Cancer mortality in workers exposed to phenoxy herbicides, chlorophenols, and dioxins: an expanded and updated international cohort study.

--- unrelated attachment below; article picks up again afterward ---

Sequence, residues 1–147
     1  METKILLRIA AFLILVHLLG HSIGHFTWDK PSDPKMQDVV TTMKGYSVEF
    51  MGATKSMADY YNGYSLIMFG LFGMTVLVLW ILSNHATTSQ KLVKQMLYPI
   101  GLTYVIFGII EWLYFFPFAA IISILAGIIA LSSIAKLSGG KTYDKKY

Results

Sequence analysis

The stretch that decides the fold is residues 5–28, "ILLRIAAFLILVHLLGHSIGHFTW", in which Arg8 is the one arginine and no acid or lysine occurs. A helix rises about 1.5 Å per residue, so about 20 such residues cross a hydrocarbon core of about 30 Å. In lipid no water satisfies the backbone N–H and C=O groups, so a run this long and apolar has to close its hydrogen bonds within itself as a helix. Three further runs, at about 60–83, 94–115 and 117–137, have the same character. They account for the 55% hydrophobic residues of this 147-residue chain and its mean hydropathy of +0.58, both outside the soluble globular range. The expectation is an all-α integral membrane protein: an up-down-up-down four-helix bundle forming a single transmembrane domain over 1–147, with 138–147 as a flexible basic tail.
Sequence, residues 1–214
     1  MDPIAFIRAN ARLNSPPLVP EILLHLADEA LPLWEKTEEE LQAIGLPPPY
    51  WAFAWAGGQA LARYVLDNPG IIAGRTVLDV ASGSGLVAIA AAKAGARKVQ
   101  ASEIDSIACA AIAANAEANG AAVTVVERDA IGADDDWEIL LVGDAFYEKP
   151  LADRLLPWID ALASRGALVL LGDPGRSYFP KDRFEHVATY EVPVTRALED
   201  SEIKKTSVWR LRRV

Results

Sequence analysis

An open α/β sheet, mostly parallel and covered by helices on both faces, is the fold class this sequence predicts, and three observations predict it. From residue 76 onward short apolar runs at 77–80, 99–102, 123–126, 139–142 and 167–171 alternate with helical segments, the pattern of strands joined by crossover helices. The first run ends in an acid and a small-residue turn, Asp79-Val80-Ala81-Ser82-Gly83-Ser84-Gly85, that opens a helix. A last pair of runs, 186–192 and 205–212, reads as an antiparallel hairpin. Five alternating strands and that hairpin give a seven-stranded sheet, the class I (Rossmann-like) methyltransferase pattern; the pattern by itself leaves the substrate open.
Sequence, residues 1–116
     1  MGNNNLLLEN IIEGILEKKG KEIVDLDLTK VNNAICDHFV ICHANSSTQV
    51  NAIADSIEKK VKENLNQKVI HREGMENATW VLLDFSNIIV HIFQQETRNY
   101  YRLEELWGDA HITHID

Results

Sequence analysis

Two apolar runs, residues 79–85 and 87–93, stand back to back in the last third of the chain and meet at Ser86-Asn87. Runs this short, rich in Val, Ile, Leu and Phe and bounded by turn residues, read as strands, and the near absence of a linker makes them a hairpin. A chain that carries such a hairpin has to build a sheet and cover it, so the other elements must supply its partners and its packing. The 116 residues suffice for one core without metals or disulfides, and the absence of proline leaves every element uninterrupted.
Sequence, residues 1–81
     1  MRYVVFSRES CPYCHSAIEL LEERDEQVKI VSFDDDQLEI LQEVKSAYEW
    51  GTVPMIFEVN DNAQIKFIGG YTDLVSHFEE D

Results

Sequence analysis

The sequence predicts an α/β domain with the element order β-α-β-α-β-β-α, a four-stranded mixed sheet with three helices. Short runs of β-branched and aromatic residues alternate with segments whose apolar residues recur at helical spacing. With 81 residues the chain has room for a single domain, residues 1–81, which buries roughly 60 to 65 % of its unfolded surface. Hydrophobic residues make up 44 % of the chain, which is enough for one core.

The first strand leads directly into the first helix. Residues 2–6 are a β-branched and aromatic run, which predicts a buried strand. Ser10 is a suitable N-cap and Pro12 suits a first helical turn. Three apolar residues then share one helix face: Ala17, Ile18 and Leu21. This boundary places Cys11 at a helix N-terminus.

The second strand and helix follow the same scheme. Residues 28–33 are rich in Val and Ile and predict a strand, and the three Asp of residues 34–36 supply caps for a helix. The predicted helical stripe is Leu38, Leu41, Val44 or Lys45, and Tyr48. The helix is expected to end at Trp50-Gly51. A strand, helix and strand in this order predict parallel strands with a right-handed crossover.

The authors examined cancer mortality in a historical cohort study of 21,863 male and female workers in 36 cohorts exposed to phenoxy herbicides, chlorophenols, and dioxins in 12 countries. Subjects in this updated and expanded multinational study coordinated by the International Agency for Research on Cancer were followed from 1939 to 1992. Exposure was reconstructed using job records, company exposure questionnaires, and serum and adipose tissue dioxin levels. Among workers exposed to phenoxy herbicides contaminated with 2,3,7,8-tetrachlo-rodibenzo-p-dioxin (TCDD) or higher chlorinated dioxins, mortality from soft-tissue sarcoma (6 deaths; standardized mortality ratio (SMR) = 2.03,95% confidence interval (CI) 0.75-4.43) was higher than expected from national mortality rates. Mortality from all malignant neoplasms (710 deaths; SMR = 1.12, 95% CI 1.04-1.21), non-Hodgkin's lymphoma (24 deaths; SMR = 1.39, 95% CI 0.89-2.06), and lung cancer (225 deaths; SMR = 1.12, 95% CI 0.98-1.28) was slightly elevated. Risks for all neoplasms, for sarcomas, and for lymphomas increased with time since first exposure. In workers exposed to phenoxy herbicides with minimal or no contamination by TCDD and higher chlorinated dioxins, mortality from all neoplasms (398 deaths; SMR = 0.96, 95% CI 0.87-1.06), non-Hodgkin's lymphoma (9 deaths; SMR = 1.00), and lung cancer (148 deaths; SMR = 1.03) was similar to that expected, and mortality from soft-tissue sarcoma was slightly elevated (2 deaths; SMR = 1.35). In a Poisson regression analysis, workers exposed to TCDD or higher chlorinated dioxins had an increased risk for all neoplasms (rate ratio = 1.29,95% CI 0.94-1.76) compared with workers from the same cohort exposed to phenoxy herbicides and chlorophenols but with minimal or no exposure to TCDD and higher chlorinated dioxins. These findings indicate that exposure to herbicides contaminated with TCDD and higher chlorinated dioxins may be associated with a small increase in overall cancer risk and in risk for specific cancers.